Interestingly, Orthodox and Paradox are two words having much in common. The "dox" that ends both terms have roots in the Greek word doxa, which means "belief" or "opinion."(In later Christian usage, doxa came to mean "glory," but only as an extension of its much older philosophical meaning, which is "belief"). “Ortho” has a Greek root meaning to straight, correct, or upright.And so, if a doxa is an opinion or a belief, then ortho-doxa is a "correct or right belief."Similarly, the prefix “para” has a Greek root meaning "beyond" or "outside of"; and so, something that is "para doxa,", is beyond belief, contradicting what we might commonly believe to be true.
For many, that which is ‘Orthodox’ often appears to be a ‘Paradox’. For instance, we are monotheists, we believe in one God. But we call that God a Trinity, one God in three persons; but how can God be both 1 and 3? – A paradox? Again, The Orthodox Church believes that Our Lord, Jesus, while on earth, was fully Immortal God and, at the same time, fully Mortal Man. How can He be both? And then of course we have the Mother of our Lord; A virgin mother?
"O Mother that hath known no man, thou didst conceive, not experiencing corruption,
lending a body to the Word,
the Creator of all, becoming a receptacle to thine insupportable Creator,
a dwelling-place to thine incomprehensible Maker."
On Monday it is the feast of The Elevation of the Holy Cross, also referred to as the Exaltation of the Cross, one of the Great Feasts of the Orthodox Church. This feast commemorates two events: Firstly, The finding of the Cross by the Empress Helen (the mother of St. Constantine the Great) on Golgotha in 326 AD, the place where Christ was crucified. Then recovery of the Cross from the Persians who had taken the Cross as a prize after sacking Jerusalem in 614 AD. It was recovered by the forces of the Byzantine Empire in 627 AD. The Cross was taken into the temple of the Resurrection, where it was joyously held up for veneration by the faithful.
Now, when it comes to a paradox, is there anything more paradoxical than the Cross of Our Lord? As the Apostle Paul writes 1 Corinthians I: 23,
“But we preach Christ crucified, unto the Jews a stumbling block, and unto the Greeks foolishness;”
The Apostle tells us that the Jews seek signs because that is what the prophets gave them, although even then they did not believe. Their expectation of the Messiah was of one who would triumph over Israel’s enemies and establish Jerusalem as the centre of the world. Death by crucifixion was shameful and unthinkable. Their Messiah was to be exalted, not humiliated.
Greek speculative philosophy generally regarded the realm of the spirit and ideas as good and vastly superior to the inferior world of matter. With such a world view the whole idea of a God who became man and assumed the limitations of mortality by assuming a material body subject to suffering and death, was unthinkable. For Greeks salvation was through the mystical reception of knowledge, which would free them from the bondage of the physical world and enable them to share in the spiritual realm. The whole cycle of creation and redemption was unthinkable to them.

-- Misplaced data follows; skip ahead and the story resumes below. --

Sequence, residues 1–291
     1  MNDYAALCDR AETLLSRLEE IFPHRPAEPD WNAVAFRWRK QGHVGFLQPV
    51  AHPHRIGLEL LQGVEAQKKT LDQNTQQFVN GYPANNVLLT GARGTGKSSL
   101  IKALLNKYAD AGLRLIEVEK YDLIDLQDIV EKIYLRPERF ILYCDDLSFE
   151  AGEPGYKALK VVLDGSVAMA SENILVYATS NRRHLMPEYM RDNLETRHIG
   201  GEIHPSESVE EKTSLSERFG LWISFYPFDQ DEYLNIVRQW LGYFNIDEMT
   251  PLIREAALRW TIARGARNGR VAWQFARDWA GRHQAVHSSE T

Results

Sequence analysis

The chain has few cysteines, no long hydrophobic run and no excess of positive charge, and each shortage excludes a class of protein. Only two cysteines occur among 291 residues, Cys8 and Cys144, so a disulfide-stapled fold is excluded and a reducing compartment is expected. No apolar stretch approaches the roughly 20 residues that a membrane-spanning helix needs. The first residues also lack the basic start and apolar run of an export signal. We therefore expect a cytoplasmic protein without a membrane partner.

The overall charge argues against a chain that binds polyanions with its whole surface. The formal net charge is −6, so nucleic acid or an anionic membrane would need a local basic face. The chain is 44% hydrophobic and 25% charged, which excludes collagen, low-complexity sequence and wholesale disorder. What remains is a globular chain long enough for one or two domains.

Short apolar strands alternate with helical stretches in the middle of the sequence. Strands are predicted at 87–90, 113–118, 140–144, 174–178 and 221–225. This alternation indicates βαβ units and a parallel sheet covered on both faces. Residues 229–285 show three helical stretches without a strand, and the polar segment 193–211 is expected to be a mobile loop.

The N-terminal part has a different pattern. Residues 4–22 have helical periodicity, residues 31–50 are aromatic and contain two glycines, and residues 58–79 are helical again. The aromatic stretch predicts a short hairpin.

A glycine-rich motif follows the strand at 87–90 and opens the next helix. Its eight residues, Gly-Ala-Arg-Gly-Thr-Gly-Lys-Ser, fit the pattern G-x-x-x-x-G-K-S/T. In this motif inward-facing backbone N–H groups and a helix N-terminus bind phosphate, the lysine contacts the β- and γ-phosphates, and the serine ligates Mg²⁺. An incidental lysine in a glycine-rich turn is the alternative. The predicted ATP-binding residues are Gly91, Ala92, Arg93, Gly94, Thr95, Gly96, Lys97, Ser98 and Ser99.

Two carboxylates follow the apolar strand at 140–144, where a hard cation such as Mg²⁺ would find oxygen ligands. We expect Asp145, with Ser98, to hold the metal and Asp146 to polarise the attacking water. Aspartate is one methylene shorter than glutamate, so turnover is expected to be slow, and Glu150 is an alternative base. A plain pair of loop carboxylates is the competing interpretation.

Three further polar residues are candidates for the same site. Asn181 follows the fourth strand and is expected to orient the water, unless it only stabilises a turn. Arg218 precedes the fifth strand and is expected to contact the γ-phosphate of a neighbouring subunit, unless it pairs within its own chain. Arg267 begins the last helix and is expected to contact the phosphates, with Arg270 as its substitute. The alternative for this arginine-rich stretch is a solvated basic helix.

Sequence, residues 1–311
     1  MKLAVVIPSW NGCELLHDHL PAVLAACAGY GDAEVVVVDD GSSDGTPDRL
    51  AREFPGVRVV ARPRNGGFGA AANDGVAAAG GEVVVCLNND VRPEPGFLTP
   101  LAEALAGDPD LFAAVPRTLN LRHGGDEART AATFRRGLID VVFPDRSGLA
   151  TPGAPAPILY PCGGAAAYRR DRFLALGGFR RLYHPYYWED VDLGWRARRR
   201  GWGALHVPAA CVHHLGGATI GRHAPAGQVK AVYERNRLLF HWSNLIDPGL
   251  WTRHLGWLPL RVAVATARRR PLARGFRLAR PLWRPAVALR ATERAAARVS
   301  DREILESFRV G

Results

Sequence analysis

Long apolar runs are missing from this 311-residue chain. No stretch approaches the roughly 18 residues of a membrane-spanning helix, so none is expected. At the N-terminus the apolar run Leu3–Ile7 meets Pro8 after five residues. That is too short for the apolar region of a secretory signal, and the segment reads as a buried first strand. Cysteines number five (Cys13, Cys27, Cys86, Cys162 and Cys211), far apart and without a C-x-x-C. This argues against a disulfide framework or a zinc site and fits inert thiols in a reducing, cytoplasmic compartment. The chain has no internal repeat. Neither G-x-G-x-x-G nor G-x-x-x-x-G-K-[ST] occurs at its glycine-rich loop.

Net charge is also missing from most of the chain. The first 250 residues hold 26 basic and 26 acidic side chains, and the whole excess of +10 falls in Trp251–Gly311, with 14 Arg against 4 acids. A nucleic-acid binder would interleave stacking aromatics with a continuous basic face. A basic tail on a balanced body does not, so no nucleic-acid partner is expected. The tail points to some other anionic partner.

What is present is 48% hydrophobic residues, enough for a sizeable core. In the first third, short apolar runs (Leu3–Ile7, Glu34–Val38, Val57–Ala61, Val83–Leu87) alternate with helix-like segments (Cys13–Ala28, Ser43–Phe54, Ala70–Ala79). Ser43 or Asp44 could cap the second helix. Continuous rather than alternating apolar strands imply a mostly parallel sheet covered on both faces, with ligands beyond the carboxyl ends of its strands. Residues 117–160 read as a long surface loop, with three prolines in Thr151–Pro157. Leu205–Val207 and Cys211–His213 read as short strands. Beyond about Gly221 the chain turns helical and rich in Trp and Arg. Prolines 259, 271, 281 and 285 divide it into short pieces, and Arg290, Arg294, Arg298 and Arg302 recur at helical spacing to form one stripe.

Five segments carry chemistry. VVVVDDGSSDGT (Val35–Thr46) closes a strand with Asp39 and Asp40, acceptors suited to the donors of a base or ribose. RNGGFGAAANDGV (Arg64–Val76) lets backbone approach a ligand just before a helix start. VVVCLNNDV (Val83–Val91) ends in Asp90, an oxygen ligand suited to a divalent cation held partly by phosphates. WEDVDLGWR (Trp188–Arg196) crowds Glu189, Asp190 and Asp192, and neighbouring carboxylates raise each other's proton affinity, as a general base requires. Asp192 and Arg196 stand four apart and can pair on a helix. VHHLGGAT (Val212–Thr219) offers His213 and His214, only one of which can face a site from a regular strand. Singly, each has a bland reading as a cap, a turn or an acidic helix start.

At the heart of the Orthodox Christian mysteries there is usually a paradox: The Creator who becomes a creature; the virgin who gives birth but remains a virgin; of the way to life being through death; of the poor being rich; of the weak being strong. To the unbeliever it is simply contradiction and disingenuous, proving the foolishness of the Gospel, and the credulity of Christians. To the believer, however, the wisdom of God is not the same as the wisdom of this world. Origen states that it is the world’s wisdom that is foolish “even though the simplicity of God’s wisdom makes those who have it appear foolish in the eyes of the world. Believers have received this divine wisdom and thus in this world appear to be fools.” It is not surprising therefore that the Orthodox Church has a whole category of saints known as “Fools for Christ.”
From an object of destruction and shame, the cross has become the emblem of pride and respect. We raise it high over our churches; we decorate our most sacred objects with it whether they are buildings, or fabrics; we suspend it around our necks; we sign ourselves with the cross when we begin our prayers; we use it to bless our food. The Cross is a ubiquitous and potent symbol. In itself it is a means of grace. Saint Antony the Great speaks of defending himself by faith and the sign of the cross.
Drawing by Maurits Cornelis Escher (1898-1972), Drawn in 1948, Pencil on paper
Troparion of the Exaltation of the Cross
O Lord, save Thy people, and bless Thine inheritance.
Grant victories to the Orthodox Christians over their adversaries;
and by virtue of Thy Cross, preserve Thy habitation.
The 13th Sunday After Pentecost
(Matthew 21: 33-42 – A trap for Jesus)
I remember once being told that, on becoming a Christian, the last thing to be converted is your wallet! For many people money and finances are considered to be very personal and of course we often hear the misquoted 1 Timothy 6:10, “the love of money is the root of all of evil”.
But what do we really know about money?